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Incumbent Senator Cory Booker defeated opponent Jeff Bell to claim a second term as New Jersey Senator, and Bonnie Watson Coleman defeated opponent Dr. Alieta Eck in a bid for New Jersey’s 12th district congressional seat on Tuesday night.

Both elected Congress members represent the Democratic party.

The New Jersey Senate election was called minutes after polls closed, announcing Booker’s victory based on exit polling data.

Booker first won the Senate seat in a special election to fill the term of the Senator Frank Lautenberg following his death in 2013; his current bid is for a full six-year term.

He also previously served as the mayor of Newark from 2006 to 2013.

Booker acknowledged his win on Twitter, thanking New Jersey and stating that he is excited to continue serving the citizens of the state.

His midterm election campaign primarily focused on bridging gaps in Congress and collaborating with Republicans on issues which they share common ground.

“I want to renew the promise I made during my first election: that I will work with anyone, from any party, who is willing to join me to move New Jersey, and our country, forward," said Booker in an email to supporters on election night before polls closed, according to the Asbury Park Press.

Like Booker, Watson Coleman has also had a lengthy career in politics.

She has served as assemblywoman in the State General Assembly since 1997, serving as majority leader from 2006 to 2009.

However, this is her first election to a federal seat; her bid began after congressman Rush Holt announced his retirement in February. She defeated a field of four primary candidates to claim the Democratic endorsement.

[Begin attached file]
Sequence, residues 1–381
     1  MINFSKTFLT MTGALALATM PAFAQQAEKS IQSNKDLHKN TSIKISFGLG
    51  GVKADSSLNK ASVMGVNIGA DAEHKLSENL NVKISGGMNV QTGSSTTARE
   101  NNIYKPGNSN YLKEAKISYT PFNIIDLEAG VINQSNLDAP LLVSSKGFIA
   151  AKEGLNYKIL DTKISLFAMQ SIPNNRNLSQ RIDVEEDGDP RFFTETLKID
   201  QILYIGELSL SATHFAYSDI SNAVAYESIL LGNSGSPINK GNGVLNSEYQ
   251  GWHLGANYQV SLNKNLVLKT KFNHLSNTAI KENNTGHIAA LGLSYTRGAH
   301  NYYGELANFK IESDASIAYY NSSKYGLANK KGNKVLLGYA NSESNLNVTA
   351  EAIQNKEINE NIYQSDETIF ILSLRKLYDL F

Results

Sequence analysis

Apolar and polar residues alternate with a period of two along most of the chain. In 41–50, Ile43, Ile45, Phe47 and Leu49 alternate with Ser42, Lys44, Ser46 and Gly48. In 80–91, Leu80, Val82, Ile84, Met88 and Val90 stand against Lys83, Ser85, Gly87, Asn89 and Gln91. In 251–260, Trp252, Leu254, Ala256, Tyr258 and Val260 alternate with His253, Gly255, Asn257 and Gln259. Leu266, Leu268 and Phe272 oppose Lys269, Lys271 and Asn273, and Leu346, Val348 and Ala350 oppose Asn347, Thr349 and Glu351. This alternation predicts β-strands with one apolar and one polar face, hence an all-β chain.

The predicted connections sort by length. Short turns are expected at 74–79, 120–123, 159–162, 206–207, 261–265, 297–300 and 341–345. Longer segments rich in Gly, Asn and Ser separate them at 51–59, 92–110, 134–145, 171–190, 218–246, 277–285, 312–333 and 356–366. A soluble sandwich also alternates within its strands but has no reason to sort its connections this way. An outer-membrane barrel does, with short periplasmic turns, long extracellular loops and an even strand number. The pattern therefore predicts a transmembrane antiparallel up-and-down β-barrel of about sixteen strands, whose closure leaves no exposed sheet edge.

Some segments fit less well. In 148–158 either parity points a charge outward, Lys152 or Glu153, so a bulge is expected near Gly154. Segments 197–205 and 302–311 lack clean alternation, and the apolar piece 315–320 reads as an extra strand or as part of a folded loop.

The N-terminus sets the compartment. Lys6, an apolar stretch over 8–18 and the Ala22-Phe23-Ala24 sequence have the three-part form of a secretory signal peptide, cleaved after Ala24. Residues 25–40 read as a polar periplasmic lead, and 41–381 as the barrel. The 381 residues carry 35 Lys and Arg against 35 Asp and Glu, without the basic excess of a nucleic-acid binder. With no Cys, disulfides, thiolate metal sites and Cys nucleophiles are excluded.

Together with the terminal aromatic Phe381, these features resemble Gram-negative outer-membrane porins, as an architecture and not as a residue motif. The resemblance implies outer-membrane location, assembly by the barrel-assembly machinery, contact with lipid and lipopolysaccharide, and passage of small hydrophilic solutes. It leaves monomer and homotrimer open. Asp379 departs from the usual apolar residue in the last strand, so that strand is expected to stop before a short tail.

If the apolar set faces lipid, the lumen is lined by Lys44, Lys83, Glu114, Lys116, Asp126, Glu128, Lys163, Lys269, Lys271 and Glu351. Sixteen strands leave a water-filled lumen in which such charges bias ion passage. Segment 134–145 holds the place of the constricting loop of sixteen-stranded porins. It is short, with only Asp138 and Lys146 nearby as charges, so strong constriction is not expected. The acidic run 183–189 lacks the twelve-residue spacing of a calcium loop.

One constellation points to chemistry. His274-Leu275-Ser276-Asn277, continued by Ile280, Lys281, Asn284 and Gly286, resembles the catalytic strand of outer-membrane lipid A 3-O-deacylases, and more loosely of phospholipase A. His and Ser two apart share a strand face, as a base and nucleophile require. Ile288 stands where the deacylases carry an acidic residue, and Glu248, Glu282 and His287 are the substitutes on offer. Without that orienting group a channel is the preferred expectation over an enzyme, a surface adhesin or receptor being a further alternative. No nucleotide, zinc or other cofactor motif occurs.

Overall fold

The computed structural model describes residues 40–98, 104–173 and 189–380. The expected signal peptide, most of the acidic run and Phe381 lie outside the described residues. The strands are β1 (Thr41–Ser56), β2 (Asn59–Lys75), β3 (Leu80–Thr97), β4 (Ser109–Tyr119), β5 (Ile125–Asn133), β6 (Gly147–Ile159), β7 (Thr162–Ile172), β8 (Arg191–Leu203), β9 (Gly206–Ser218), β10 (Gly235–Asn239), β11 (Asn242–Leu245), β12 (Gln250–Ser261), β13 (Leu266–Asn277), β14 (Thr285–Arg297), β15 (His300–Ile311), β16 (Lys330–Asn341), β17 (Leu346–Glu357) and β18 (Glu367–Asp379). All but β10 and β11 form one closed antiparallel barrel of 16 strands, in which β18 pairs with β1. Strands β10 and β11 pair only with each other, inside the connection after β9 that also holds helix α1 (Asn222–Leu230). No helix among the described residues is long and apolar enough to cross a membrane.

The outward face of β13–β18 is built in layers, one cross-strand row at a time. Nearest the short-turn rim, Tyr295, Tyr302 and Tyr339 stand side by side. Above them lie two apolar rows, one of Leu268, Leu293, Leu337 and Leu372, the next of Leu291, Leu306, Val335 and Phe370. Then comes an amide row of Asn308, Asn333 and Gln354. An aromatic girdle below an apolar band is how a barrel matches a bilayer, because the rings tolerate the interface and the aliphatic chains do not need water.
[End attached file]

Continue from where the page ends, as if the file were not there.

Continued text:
The 12th district congressional race was called in favor of Watson Coleman when she reached a margin of 68 percent of the vote, with 43.12 percent of precincts reporting.

Though Watson Coleman’s campaign site officially mentions 10 key platform points — consisting of job creation, education, energy and the environment, gun violence, health care, LGBT rights, technology, Social Security and Medicare, voting rights and women’s rights — Watson Coleman told The Daily Princetonian in an interview on Oct. 16that no one issue is most important to her. Rather, Watson Coleman will focus on government’s role in people's lives and protecting their rights.

“If I were to speak to what is most important to me, it is [the role of] government to protect and preserve the rights of individuals and the opportunities of individuals,” she said.

Watson Coleman is both the first woman to represent New Jersey in Congress since 2003 and the first African-American woman to be elected to Congress from New Jersey.

The public question allowing the pretrial detention of defendants also passed.

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